Number 9 Films, the London-based producer behind Carol and Colette, has struck a first-look deal with Japanese studio Shochiku, which will have first option for distribution rights in Japan on its future titles.

Number 9 Films Stephen Woolley Elizabeth Karlsen Toronto

Source: Number 9 Films, TIFF

Stephen Woolley, Elizabeth Karlsen

The unusual pact follows Shochiku’s identification that prestige English-language, female-led titles perform well theatrically in Japan. Shochiku has had recent hits with Aisling Walsh’s Maudie, starring Sally Hawkins, and Bjorn Runge’s The Wife, with Glenn Close, both of which grossed around $1m in the territory.

It is the first deal of its kind for Shochiku outside Japan. 

“We’ve had our eye on Number 9 Films for quite some time now, looking for an opportunity to work with them,” said Meri Koyama, Shochiku’s senior manager, acquisitions, ”We feel Number 9 and Shochiku share the same value in films we deliver, films with good quality and good stories that resonate with all of us.”

Number 9’s recent slate includes Colette starring Keira Knightley, On Chesil Beach with Saoirse Ronan, Their Finest with Gemma Arterton, and Carol with Cate Blanchett and Rooney Mara. The latter was nominated for six Oscar in 2016.

As part of the multi-year deal, Shochiku will contribute to Number 9’s overhead and development funding. In return, it will get a first opportunity to pick up Japanese rights on any feature titles produced by the company.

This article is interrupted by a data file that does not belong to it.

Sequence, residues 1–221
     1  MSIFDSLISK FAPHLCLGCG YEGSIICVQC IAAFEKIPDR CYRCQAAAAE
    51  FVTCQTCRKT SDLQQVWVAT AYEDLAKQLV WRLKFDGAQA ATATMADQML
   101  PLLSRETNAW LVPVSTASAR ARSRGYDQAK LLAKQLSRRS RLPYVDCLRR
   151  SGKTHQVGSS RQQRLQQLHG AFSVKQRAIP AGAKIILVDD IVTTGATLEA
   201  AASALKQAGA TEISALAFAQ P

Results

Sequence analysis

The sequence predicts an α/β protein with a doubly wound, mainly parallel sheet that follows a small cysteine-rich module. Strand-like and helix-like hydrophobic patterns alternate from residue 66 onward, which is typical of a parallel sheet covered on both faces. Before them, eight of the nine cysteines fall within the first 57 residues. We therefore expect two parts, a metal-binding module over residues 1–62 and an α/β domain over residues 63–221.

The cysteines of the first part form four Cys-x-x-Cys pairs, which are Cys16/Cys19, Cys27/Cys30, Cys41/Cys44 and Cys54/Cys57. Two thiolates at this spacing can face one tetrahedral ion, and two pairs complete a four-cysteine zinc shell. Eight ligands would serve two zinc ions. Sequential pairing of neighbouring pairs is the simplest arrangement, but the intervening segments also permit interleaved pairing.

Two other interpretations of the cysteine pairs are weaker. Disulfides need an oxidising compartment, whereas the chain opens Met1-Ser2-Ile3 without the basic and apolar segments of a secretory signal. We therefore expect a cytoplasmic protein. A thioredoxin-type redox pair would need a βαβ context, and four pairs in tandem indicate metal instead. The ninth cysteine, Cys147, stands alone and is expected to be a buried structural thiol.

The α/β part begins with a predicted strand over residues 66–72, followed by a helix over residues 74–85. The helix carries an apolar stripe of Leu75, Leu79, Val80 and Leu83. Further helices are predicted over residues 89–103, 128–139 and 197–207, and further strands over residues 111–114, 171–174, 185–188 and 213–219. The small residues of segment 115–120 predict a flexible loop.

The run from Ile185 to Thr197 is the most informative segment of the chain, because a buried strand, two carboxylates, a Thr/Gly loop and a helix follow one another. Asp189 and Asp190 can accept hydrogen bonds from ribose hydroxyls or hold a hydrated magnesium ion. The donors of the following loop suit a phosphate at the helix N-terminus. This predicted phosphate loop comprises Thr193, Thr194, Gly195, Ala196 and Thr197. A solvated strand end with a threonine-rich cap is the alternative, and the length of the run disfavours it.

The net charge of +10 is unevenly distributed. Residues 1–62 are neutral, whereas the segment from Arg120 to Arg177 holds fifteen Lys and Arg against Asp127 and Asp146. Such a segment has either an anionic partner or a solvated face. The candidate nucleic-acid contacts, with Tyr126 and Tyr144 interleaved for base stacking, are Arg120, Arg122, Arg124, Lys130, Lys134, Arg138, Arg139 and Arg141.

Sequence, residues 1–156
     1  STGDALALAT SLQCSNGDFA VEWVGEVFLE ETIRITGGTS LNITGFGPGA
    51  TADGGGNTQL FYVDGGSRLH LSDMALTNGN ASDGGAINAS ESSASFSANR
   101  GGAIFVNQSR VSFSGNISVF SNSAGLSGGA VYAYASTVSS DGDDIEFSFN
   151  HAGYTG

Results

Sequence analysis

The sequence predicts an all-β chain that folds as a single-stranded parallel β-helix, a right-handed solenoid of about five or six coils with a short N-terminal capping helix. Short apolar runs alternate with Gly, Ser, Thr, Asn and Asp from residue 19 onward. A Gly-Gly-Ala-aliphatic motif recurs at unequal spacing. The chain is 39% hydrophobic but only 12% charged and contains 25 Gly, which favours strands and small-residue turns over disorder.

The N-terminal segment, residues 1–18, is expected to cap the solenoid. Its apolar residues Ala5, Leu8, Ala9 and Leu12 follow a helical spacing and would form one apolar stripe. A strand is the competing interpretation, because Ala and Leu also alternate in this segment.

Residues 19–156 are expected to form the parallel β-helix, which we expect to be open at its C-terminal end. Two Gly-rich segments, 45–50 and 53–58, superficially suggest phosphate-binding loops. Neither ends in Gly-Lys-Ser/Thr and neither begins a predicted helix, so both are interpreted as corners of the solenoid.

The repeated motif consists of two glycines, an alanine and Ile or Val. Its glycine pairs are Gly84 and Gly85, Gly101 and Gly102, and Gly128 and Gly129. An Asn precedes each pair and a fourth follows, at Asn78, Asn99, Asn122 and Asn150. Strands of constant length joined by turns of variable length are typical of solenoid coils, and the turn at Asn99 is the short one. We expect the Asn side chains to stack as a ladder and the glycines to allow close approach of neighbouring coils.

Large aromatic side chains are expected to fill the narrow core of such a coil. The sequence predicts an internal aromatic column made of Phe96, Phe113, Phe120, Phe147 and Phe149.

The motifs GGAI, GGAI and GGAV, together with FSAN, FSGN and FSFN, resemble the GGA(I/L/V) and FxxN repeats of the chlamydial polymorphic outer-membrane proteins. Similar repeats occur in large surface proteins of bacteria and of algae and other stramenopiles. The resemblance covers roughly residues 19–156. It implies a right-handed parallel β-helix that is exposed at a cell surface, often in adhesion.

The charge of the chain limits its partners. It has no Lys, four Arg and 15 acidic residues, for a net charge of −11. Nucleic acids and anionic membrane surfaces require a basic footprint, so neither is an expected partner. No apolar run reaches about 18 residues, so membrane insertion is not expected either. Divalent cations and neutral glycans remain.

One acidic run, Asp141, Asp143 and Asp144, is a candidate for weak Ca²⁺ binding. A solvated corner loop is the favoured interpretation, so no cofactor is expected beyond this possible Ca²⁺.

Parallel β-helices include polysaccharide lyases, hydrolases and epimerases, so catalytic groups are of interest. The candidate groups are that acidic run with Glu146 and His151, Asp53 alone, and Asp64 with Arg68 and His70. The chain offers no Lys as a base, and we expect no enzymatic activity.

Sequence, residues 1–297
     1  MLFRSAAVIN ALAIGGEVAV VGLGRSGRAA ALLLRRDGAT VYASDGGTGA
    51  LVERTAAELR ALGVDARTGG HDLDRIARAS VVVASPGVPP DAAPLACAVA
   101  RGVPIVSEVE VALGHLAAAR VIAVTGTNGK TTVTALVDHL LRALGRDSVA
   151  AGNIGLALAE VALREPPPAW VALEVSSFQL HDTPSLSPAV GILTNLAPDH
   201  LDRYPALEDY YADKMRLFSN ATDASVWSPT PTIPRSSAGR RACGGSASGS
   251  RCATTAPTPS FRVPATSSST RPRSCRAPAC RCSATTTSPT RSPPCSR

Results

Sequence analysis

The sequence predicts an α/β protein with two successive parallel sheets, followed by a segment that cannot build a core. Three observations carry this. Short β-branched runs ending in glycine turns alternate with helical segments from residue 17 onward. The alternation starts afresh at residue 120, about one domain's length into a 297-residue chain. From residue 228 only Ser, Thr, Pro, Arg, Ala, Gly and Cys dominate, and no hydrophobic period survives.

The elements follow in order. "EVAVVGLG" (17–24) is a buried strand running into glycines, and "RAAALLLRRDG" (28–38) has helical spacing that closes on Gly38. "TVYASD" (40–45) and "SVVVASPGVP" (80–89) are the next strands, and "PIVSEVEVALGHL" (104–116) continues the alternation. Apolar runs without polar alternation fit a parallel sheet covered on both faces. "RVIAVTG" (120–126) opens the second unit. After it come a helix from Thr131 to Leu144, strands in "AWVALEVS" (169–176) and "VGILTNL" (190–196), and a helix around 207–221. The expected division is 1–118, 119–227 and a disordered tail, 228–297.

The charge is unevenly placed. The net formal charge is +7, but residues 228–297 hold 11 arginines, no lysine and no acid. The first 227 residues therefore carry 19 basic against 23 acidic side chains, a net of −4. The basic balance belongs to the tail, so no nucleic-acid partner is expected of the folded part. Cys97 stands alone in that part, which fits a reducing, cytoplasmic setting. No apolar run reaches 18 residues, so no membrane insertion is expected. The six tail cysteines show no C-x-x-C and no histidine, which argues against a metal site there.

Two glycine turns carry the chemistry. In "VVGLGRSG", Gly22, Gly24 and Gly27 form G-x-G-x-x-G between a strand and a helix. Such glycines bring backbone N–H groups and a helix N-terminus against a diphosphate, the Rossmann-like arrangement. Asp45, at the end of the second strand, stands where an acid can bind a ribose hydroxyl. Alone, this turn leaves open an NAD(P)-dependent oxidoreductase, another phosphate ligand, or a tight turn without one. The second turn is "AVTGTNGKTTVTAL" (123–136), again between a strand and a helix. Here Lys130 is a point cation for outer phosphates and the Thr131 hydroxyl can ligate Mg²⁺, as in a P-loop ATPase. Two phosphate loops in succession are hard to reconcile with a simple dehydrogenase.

Number 9, run by Stephen Woolley and Elizabeth Karlsen, is in active development on drama The Assessor, written by Nell Garfath-Cox and David Thomas and Mothering Sunday, Alice Birch’s adaptation of Graham Swift’s award-winning novel of the same name. Film4 is backing the two projects and both could shoot in early 2020.

The development slate also includes So Much Love, the Dusty Springfield biopic that was announced last year, to which Arterton is attached.

Woolley said the deal fitted into Number 9’s usual structure for financing features, which typically includes a couple of pre-sales in the budget.

If Number 9 now sells a film to a studio or an all-rights buyer such as Netflix, Japan will be excluded from that deal, presuming Shochiku takes up its option.

The production outfit has had first-look deals in the past, including with Film4 and Dreamworks, but currently has no other such agreements.

“Most of our films are released by individual distributors around the world,” Woolley explained. “The chances of our films being picked up by a studio aren’t great overall, so it doesn’t make sense for us to turn something down on the basis we might get a studio deal. It’s very exciting for us because it doesn’t exclude anything from our normal pattern of financing, and it gives Shochiku an advantage because it puts them in the hot seat for everything we do that’s theatrical.

“The deal also helps us keep the company going, and gives us more time to get the right director and casting onto projects. Without studio backing you’re often forced into a situation where you’re making films because you need to pay the rent.

“Hopefully next year we’ll go through another bumper production period of making films. But you do need space in between films. This deal gives us the time to create the right foundations on everything we make,” he explained.

Shochiku is one of Japan’s oldest film studios, and has a rich history encompassing many classic Japanese films, such as Yasujirō Ozu’s 1953 drama Tokyo Story. It produces film and TV, and also buys international films for release in Japan, with recent titles including Captain Fantastic and Bushwick.